The world is experiencing a series of quakes and tremors caused by a global pandemic. The quakes are the unprecedented shocks and strains we are witnessing in our health, economic, and education systems. Tremors, on the other hand, are far less obvious because their disruptions occur at a much deeper level and during timeframes when the average individual may feel that they have successfully distanced themselves from the more pronounced quake(s). Both earthquakes and tremors have the same cause; both have the potential to create long-lasting damage.
What if foundations were to open up their endowments entirely and put a time stamp on their payout? To do that, many foundations will need to have tough conversations about whether or not they exist in perpetuity.
If foundations cannot step up to fulfill their mission in times of crisis, who else will save the social sector?
During this massive economic upheaval caused by the COVID-19 pandemic, much attention has been focused on businesses, financial markets, and the economy, but the impact on our nonprofit sector will be worse. What can be done to avert the double whammy of a crisis of need at the same time as a drop in contributions?
One often-overlooked resource is the collateral in foundation endowments.
In an opinion article on The Chronicle of Philanthropy, FSG Co-CEO Lauren Smith, MD, MPH, shares ideas from her experience as a pediatrician and former medical director of the Massachusetts Department of Public Health.
Every company is having internal conversations about how to respond to the COVID-19 pandemic. In an era where companies are fervently striving to be purpose-driven to appeal to employees, investors, customers, and communities, how can a company maintain clarity on its societal purpose?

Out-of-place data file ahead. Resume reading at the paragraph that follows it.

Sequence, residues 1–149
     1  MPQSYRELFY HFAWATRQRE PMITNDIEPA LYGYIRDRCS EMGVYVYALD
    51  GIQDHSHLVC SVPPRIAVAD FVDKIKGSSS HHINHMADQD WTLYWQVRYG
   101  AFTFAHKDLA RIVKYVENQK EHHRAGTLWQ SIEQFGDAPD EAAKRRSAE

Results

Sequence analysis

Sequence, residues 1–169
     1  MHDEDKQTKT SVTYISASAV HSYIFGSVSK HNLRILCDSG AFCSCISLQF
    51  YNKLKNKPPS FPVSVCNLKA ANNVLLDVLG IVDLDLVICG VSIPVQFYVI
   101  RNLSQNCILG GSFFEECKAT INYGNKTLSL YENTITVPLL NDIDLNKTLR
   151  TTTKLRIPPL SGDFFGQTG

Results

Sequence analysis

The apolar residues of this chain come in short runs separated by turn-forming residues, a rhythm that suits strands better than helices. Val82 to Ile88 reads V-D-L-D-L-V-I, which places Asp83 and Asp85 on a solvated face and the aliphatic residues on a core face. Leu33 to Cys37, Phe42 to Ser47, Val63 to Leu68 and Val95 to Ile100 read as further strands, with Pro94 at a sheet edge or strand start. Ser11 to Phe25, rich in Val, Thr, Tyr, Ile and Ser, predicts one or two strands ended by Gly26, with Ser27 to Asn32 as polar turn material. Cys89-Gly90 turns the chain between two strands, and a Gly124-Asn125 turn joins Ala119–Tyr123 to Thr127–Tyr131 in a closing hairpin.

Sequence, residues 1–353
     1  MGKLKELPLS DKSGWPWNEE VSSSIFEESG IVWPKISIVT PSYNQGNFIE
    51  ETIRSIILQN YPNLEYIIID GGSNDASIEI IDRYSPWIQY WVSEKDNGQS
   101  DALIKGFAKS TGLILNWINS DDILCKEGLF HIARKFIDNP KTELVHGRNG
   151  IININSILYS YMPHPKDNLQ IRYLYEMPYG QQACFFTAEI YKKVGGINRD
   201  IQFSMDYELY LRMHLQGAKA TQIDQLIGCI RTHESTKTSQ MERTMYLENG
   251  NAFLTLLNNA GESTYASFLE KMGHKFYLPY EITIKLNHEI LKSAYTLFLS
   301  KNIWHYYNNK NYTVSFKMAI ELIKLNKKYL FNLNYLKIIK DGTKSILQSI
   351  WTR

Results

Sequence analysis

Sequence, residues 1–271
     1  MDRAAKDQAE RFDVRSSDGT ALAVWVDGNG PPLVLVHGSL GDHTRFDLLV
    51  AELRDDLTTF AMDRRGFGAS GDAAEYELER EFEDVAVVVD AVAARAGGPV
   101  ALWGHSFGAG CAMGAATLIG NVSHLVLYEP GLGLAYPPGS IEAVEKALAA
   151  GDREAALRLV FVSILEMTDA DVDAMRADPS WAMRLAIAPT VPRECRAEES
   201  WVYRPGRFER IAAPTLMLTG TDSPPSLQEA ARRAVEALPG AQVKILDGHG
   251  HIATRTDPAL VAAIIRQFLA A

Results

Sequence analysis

Our new blog includes examples from 3M, Lyft, MasterCard, Microsoft, and more.
In honor of International Women's Day 2020 #IWD (Sunday, March 8), FSG's gender team shares thoughts on gender equity:
Sweden recently realized that their snow clearing routine was typically benefiting men over women. In the winter, snow was cleared first on main roads leading into the city, benefiting commuters—who were mostly men. Foot- and cycle-paths were cleared last—not so good for pedestrians and cyclists, who were very often women traveling with children in pushchairs.
Natural disasters and public health emergencies always take an increased toll on groups who are already marginalized
As governments, businesses, and individuals scramble to respond to the threat of a COVID-19 pandemic, those of us who work in the social sector rightly ask what we can do to effectively contribute.
In 2009, I was the medical director of the Massachusetts Department of Public Health and worked with my colleagues to face similar challenges posed by the H1N1 virus outbreak. I learned from experience that responses during a time of crisis are only as good as the strength of preparedness, support systems, and relationships that existed before the crisis.